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Day care


Quebec’s $7-a-day universal childcare: A few doubts

A response to Luc Allaire from John Richards

While Inroads is delighted to publish Luc Allaire’s case for Quebec’s universal childcare program, there are doubts about the program that should be aired. As Inroads co-publisher, I take the liberty of airing them.

To summarize Allaire’s case in his own words: “Parents appreciate [Quebec’s $7-a-day childcare centres] both for the good educational environment they provide for their children and for their affordability, and their existence has made it easier for a large number of mothers of young children return to work.”

Increasing female employment

The cost of this program to the provincial government is high: about $2 billion annually, $9,000 per subsidized space. Fees paid by parents (initially $5 and now $7 per child per day) cover the remaining costs of about $400 million annually.

Quebec introduced its universal childcare program in 1997. Both before and after 1997 – in Quebec and the rest of Canada – the provinces and Ottawa have provided extensive childcare subsidies to low-income families. Quebec’s universal program is primarily of benefit to families that are not poor.

Among families with children “at risk” of perpetuating an intergenerational cycle of poverty, there is a strong case for fiscal incentives to induce the parents to engage in employment and not rely on welfare. The most important “at risk” group is single-parent families. By increasing the probability that children complete secondary studies and avoid teenage pregnancy, the role model of a working parent provides a benefit that more than offsets the cost of reduced parenting time.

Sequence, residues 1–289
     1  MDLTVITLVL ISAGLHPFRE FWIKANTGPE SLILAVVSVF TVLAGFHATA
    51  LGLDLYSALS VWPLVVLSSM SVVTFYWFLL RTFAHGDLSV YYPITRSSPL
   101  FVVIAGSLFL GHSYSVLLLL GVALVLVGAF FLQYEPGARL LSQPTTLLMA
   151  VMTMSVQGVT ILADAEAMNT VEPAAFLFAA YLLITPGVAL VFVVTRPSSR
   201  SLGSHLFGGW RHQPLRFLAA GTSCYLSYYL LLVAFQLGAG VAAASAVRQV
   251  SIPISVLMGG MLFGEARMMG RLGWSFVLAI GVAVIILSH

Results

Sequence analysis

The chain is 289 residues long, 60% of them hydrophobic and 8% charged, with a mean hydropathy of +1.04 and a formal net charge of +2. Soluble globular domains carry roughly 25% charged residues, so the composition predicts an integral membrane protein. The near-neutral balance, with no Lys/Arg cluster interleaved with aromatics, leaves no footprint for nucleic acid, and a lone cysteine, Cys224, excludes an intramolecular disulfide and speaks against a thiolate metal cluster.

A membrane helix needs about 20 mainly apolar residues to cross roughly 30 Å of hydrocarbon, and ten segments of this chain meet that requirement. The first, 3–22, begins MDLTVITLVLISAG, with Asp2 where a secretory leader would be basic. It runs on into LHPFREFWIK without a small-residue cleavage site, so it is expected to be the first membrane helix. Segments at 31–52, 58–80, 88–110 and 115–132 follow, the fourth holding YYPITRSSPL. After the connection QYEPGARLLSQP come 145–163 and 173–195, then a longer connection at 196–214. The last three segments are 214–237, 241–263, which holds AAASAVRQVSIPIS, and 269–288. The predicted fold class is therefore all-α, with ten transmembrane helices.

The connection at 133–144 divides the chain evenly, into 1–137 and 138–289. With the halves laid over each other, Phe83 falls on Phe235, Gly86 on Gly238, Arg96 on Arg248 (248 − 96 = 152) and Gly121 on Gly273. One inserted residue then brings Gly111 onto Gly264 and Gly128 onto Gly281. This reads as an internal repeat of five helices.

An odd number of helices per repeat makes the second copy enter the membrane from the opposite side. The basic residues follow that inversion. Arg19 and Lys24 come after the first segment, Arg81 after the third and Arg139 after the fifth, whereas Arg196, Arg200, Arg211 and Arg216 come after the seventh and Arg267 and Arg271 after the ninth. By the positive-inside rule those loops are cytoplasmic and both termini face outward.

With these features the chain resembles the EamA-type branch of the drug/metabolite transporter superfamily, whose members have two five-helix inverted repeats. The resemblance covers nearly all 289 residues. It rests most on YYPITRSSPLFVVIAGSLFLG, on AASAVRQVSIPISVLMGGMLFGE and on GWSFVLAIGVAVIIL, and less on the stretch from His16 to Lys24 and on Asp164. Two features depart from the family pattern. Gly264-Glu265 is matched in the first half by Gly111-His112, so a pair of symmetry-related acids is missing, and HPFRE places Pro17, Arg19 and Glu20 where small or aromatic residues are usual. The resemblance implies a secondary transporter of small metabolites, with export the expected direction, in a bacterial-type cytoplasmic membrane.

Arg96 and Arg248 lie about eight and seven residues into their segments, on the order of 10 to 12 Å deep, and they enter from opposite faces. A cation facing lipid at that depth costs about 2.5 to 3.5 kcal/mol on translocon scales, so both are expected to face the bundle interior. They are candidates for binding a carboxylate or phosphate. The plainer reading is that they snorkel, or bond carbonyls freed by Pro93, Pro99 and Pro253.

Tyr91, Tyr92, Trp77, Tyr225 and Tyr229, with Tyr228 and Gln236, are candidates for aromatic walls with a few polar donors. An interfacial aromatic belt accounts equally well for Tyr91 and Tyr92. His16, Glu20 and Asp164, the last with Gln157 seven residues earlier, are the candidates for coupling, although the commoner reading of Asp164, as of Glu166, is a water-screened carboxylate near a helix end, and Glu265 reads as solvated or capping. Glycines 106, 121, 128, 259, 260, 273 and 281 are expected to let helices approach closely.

Across Canada, social policy over the last 15 years has combined “tough love” reforms intended to reduce reliance on welfare and “soft love” reforms to increase nonwelfare income for low-income families, subsidize childcare costs and increase in-work benefits of low-wage jobs via earnings supplements. And the evidence from “head start” childcare programs in the United States demonstrates conclusively that children of “at risk” families achieve better outcomes in early primary grades if they participate in childcare programs of reasonable quality. (Early childcare education is not a panacea: without additional interventions, the educational benefits tend to fade in higher grades.)

Among middle-class two-parent families, it is not clear that the government should induce parents of young children – via a subsidy of $9,000 per childcare space in this case – to enter the labour force and rely on paid childcare. In making the choice between “stay at home” parenting and reliance on childcare, parents should be assessing the benefits (monetary and psychological) from participation in the labour force against the costs (which include childcare). Provided childcare costs can be deducted from taxable income – which is the case in Canada – the personal income tax does not distort this decision.

Whether or not it is desirable to do so, Quebec’s universal childcare program has undeniably increased labour force participation among parents of young children. In the years before introduction of the program, labour force participation among Quebec mothers of children aged one to four was well below the comparable statistic in the rest of Canada. A decade later, in 2006, the Quebec rate was well above the Canadian average.1

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About the Author

John Richards
John Richards is co-publisher of Inroads and an economist at Simon Fraser University in Vancouver.


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